I know I am probably boring y'all with these dumb work
histories...but I find more and more that I am doing this
for ME...it is forcing me to remember all this.
And, unfortunately, we really are barely half-way done...
there are probably another 15 or so episodes left to go...
so I guess all I can say is you can disregard them if you
like...or not...and I promise when done I will return you
to your regularly scheduled programming. But for now, I have
to do this, I am learning a lot about MYSELF.
So, even though I may lose followers, I must continue...
1983 actually turned out to be a good year for me. Just as my
unemployment benefits were about to run out, I found from a
friend in my apartment complex that the grocery store company
that he worked for...Smith's Food King...had a need for some
warehouse workers. Not only were they paying twelve bucks an
hour...which was more money than I had ever made...but they
were willing to train me!
We worked in a distribution warehouse for Smith's Food King,
loading produce onto the trucks for early morning delivery to
the different markets in Southern California.
This was called 'picking'...we would get a 'pick list' from
the manager, which outlined a list of all the different items
a specific store had ordered. We rode electric pallet jacks
around the different locations in the warehouse, selecting
what they had ordered, loading it onto the pallet, and then
dropping off the pallets into the trailers.
We are talking produce...fruits and vegetables. I learned all
about the different varieties of pears, apples, melons, potatoes,
onions, etc. Thanks to this job, I can go to a supermarket
today and recognize what kale, kohlrabi, jicama, and banana
squash looks like.
This was a very good job for me for a number of reasons:
1. Obviously, since this was a produce warehouse, it was
refrigerated...nice and cool, just the way I like it.
2. It was fairly hard physical labor...we had to lift 100 pound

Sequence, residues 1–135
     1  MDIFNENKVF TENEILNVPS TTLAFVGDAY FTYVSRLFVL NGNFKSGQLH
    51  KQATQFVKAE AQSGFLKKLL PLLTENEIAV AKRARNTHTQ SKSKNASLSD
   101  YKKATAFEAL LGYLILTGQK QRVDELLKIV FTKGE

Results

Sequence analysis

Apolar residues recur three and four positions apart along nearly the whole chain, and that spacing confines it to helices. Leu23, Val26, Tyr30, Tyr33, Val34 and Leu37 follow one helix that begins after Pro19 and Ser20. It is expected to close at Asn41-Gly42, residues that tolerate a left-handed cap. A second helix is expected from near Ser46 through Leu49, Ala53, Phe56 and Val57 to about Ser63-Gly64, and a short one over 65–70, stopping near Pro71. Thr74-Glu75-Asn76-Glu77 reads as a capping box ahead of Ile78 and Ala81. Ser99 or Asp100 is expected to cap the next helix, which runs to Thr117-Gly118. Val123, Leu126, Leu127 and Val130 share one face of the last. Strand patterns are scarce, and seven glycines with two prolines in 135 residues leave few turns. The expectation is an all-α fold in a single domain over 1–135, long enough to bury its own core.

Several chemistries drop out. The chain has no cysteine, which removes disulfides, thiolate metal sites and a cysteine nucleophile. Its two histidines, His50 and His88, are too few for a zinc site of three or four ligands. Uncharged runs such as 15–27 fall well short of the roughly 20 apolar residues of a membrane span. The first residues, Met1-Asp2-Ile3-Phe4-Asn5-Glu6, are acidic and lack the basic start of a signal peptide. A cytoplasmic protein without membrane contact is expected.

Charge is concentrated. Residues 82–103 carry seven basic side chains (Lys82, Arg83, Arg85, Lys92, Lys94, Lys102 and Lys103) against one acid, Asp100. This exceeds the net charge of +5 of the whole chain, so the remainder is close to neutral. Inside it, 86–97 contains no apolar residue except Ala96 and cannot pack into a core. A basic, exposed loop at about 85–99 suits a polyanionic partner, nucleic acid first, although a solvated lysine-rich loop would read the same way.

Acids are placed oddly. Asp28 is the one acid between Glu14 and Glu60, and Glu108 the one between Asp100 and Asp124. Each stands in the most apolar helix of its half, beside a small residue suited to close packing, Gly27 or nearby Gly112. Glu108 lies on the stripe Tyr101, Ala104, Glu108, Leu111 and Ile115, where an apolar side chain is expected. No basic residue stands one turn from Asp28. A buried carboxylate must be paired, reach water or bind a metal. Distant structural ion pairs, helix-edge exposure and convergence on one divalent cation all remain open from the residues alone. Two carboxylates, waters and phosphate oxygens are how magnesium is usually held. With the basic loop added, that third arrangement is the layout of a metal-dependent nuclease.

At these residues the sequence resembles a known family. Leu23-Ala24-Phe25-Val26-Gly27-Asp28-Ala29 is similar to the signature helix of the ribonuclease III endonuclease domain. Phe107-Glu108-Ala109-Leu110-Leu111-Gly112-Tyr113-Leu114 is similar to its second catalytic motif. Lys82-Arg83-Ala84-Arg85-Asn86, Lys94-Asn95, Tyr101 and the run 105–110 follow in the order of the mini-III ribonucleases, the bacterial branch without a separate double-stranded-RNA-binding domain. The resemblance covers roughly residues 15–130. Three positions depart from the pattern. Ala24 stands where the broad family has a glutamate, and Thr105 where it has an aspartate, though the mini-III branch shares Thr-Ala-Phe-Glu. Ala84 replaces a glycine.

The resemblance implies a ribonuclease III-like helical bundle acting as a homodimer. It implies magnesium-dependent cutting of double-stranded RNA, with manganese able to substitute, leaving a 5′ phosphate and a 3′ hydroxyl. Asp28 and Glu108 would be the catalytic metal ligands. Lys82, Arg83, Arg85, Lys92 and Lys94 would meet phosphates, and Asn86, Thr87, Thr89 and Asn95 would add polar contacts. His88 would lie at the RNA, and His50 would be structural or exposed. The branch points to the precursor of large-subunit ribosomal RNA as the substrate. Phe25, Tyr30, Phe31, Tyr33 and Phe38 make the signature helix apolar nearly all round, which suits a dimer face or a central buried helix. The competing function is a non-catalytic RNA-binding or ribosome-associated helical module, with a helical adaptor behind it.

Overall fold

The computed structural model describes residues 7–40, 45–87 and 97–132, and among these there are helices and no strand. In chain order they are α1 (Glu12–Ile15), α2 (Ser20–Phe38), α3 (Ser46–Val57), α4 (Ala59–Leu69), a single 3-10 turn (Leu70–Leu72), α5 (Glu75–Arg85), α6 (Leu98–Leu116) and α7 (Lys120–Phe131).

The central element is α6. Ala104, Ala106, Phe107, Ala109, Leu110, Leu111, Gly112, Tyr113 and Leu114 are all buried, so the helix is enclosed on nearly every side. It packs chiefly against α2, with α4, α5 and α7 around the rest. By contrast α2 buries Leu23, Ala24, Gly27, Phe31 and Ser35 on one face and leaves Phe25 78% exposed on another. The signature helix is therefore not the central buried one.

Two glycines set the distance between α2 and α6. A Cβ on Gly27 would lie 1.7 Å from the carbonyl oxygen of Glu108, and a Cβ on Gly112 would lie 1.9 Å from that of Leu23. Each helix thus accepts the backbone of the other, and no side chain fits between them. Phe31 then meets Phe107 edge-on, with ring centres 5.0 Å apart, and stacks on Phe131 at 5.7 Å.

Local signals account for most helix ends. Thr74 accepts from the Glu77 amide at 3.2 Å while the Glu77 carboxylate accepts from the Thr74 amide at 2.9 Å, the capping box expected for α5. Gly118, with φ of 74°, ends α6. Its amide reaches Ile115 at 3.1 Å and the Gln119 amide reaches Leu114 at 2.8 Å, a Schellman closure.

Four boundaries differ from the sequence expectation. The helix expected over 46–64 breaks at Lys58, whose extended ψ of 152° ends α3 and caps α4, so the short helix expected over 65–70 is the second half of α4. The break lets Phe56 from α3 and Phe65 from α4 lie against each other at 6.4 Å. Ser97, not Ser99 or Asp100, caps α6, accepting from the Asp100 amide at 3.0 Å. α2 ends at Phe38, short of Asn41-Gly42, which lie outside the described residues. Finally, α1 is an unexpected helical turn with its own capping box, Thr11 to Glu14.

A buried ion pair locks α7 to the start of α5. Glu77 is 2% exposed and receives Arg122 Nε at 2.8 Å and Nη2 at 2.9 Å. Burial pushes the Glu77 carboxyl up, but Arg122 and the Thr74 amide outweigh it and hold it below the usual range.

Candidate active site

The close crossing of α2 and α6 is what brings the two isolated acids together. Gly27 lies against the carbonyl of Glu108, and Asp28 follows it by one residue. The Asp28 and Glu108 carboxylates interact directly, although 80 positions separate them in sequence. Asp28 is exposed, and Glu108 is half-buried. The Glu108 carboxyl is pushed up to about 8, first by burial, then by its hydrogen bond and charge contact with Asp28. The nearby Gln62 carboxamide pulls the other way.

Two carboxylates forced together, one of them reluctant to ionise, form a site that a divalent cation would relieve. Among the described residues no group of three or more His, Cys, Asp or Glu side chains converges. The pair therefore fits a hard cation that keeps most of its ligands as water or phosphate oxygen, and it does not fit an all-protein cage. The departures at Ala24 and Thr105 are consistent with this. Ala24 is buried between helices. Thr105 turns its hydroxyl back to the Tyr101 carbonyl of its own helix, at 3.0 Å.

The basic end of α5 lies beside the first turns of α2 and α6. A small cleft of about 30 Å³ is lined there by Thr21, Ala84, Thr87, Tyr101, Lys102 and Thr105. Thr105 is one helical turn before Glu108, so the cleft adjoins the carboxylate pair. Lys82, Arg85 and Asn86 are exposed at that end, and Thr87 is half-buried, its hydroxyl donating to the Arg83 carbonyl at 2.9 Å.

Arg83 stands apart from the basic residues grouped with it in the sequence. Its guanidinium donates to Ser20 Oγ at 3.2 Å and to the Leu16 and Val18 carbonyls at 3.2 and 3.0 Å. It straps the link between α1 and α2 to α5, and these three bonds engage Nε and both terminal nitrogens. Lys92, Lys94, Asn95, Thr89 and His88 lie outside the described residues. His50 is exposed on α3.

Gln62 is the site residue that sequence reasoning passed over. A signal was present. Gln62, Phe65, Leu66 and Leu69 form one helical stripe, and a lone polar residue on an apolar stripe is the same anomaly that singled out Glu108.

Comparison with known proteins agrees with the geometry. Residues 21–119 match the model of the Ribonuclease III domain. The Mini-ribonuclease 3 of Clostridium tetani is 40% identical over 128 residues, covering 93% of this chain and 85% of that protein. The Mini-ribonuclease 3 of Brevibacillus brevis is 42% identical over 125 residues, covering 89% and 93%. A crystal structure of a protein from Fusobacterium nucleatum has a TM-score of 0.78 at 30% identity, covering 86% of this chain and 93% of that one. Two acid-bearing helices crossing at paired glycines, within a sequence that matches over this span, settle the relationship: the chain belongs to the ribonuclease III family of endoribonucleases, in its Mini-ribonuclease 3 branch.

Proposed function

sacks of beans and rice, 75 pound boxes of bananas and melons,
and we had to work quickly. I liked all this because the physical
part helped keep me in decent shape, and the work was just hard
enough to keep me comfortable in the chilly environment.
3. Did I mention that I was making TWELVE BUCKS AN HOUR??
4. And here is another good thing...it was graveyard shift, which
freed up my daytime hours to try to find some education.
Now, I did not want to ever have to go through another year like
1982, and I knew that Smith's was closing stores over time, and
that this job would not last forever. So I decided that I would
go to some kind of school and learn something that might be
helpful to me. Since I worked nights, I thought I could go to
school during the day.
Not college, though, I would never be able to afford that. And
besides, there was still nothing that interested me there anyway.
Since I was living in Orange County, California, and I knew that
housing was expensive, I decided that I would go to real estate
Century 21 was offering a school that was, as I recall, not too
expensive...they figured they could get you licensed and
educated, and then dump you into their ranks to sell houses. I
later learned that since you only make money if you make a sale,
it was no skin off their neck to let you work out of one of their offices.
So for about 6 months, I worked the night shift at the warehouse,
and then went to school from 9:00 AM to noon. Then I would go
home, study, and get some sleep. It required learning all about
laws, regulations, loans, and CCR's (Codes, Covenants, and Regulations).
It was hard, but I did take and pass the exam...I became a
licensed real estate agent! Could this possibly mean that I had
finally latched onto something that would actually take me somewhere??
Peace be with you.